The demand for infographics has grown immensely in the past few years. Check out these tips to make your infographics stand out.

Show don’t tell- your responsibility is to turn information into something visually stimulating. Let the images do the talking. A picture is worth a thousand words.

Make an infographic, not an excel chart- anyone can make a graph on excel. If  clients wanted excels chart, they wouldn’t need you. Take your chart to the next level and make it really stand out.

Think outside the box- Most inforgraphics read vertically. Mix it up so your inforgraphic doesn’t get boring

Three colors are best- A three-color palette is easy on the eyes. The wrong colors can make your infographic hard to read. Stay away from dominant dark colors and neon together. Check out color psychology to really get an edge.

Begin with the end- Know what you want your audience to ultimately take away from your infographic and center your design around that.

Pick an interesting topic- It doesn’t matter how visually stimulating you inforgraphic is. If your topic isn’t interesting, your design will fail.


Press conferences should be only be called for newsworthy stories. This is because press conferences can be difficult to manage and organize and reporters’ time is at a premium. Your organization could lose credibility if you invite reporters and only announce information of minor interest. If you do have information earth-shattering enough to warrant a press conference, read these tips to make it great.  

  • Announce your press conference with a media advisory the second you have all the details worked out. The media advisory should have a short description of your press conference subject and speakers.
  • Call potential attendees the day before the press conference to verify that they’re coming.
  • Set the stage. Have a room large enough to hold all of the speakers and attendees. It should be equipped with chairs, lights, a microphone, and a podium or table.
  • Practice and be prepared. You should know your subject and answers to potential questions inside and out. Have copies of press releases to hand out to reporters, as well as your contact information.
  • Nothing is ever off the record. Be open and honest, but choose your words wisely.
  • Listen to all questions carefully before responding. If you can’t answer a question, offer to find out the answer for them later. 
  • Schedule your press conference in the morning if possible, because news media typically have afternoon or early evening deadlines.

An average-sized media outlet may receive hundreds of press releases everyday. As a result, press releases are easy for reporters and editors to overlook because they aren’t as direct as someone reaching out to them in person or via phone call.  They’re also easy to dismiss if they’re longer than an advisory. Check out these tips for getting your press release read:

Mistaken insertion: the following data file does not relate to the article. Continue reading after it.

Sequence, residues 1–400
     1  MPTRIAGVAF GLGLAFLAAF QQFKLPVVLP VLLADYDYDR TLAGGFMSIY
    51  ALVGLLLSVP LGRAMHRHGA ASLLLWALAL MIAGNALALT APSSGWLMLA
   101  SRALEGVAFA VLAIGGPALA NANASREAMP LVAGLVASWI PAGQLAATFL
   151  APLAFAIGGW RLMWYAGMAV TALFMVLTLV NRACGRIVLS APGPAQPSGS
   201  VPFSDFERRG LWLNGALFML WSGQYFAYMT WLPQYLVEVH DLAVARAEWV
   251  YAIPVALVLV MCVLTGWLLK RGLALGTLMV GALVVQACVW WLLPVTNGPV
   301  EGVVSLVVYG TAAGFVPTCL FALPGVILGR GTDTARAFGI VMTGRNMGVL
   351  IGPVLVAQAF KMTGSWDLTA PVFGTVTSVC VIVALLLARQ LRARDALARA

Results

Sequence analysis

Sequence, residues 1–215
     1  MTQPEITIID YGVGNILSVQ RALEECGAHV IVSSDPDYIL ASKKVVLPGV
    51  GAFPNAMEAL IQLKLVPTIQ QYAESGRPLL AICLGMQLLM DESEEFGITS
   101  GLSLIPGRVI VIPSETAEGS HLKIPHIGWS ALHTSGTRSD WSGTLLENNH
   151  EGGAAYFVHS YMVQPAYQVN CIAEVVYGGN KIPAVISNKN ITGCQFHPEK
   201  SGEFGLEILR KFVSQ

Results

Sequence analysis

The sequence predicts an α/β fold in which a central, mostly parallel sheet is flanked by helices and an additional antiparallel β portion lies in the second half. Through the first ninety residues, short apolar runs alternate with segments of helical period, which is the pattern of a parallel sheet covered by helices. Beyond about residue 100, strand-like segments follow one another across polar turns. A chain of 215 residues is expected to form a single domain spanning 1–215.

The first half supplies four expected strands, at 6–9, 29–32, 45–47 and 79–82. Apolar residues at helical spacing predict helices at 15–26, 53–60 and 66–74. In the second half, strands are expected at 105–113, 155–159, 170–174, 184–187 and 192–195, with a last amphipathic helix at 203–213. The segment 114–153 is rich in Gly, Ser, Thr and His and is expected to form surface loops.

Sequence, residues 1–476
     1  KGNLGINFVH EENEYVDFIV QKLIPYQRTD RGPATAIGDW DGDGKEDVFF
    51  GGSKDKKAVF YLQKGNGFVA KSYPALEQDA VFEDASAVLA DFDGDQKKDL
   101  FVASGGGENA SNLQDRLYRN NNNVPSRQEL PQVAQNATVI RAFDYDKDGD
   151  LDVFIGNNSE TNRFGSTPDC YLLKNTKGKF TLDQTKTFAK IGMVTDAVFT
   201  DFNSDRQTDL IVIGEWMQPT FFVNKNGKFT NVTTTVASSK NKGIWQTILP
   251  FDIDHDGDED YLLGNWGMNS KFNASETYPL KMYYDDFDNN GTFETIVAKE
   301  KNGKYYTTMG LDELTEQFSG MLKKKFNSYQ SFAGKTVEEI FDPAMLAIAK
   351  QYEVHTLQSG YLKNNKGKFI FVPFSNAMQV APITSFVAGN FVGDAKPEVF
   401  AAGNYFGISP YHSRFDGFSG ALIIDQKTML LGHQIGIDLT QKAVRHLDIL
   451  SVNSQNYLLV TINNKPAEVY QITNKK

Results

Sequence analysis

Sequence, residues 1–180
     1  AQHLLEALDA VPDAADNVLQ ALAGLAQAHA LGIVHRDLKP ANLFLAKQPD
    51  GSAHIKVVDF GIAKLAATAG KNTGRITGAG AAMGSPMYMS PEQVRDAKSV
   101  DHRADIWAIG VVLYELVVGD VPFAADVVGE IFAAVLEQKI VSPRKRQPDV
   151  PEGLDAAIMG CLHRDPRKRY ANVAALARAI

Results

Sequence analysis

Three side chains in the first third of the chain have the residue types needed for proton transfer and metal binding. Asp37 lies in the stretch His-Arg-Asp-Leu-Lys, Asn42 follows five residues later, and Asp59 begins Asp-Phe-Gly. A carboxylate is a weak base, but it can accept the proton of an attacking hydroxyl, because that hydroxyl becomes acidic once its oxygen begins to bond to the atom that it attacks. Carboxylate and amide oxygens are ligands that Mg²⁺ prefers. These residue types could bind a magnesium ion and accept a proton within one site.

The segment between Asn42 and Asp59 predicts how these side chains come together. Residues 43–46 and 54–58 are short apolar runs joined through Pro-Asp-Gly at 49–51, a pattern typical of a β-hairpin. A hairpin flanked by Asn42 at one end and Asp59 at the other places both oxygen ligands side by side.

Put it at the top: Your press release should be in an “inverted pyramid style.” Put all the important information in the first paragraph. The person reading your release should know the “who, what, when, where, why, and how” of your story in the first paragraph. Less important details should be in the last paragraphs.

Keep it short and sweet: The release shouldn’t be longer than two pages double-spaced. (Most releases should be typed and double-spaced on 8 ½ x 11” paper). All sentences should be concise. Leave technical jargon out.

Quote it: Quotes add legitimacy to your story. You can quote yourself, your spokesperson, local authoritiees, community leaders, or any other person of relevance to your release. Just make sure you tell whomever you quote that their remarks will be released to the media!

Check it: Verify that all of the information and grammar is correct before you send it.

Use a Stylebook: Your release should be in AP format. Make sure you’re up to date on the correct journalistic protocol for grammar and formatting before sending it out.


An elevator pitch is a one minute rehearsed proposal that you can whip out on the metro, in your bosses office, and of course, in an elevator. There are a million ways to pitch something, but typically an elevator pitch is comprised of three parts: a pain statement, a value proposition, and a call to action. The pain statement is the problem you want to fix. The value proposition is how you or your organization is going to solve the problem. In the call to action, you talk about the next steps after the solution. Here are some do’s and don’t of elevator pitches:


  • Make it memorable, natural, and sincere.
  • Write and rewrite your pitch over and over to shorten it and make it better. 
  • Memorize your pitch, but repeat it in a way that sounds organic. You may want to have multiple versions of your pitch that you can use the one most appropriate for a given situation.
  • Maintain eye contact with the listener.
  • Be confident!
  • Keep it simple, but specific. Avoid generalizations.


  • Miss out on opportunities by not having an elevator pitch.
  • Use too much jargon or too many acronyms.
  • Sound like your reading from a drilling manual. Let your personality shine through.
  • Forget to update your speech when situations change.
  • Go over one minute.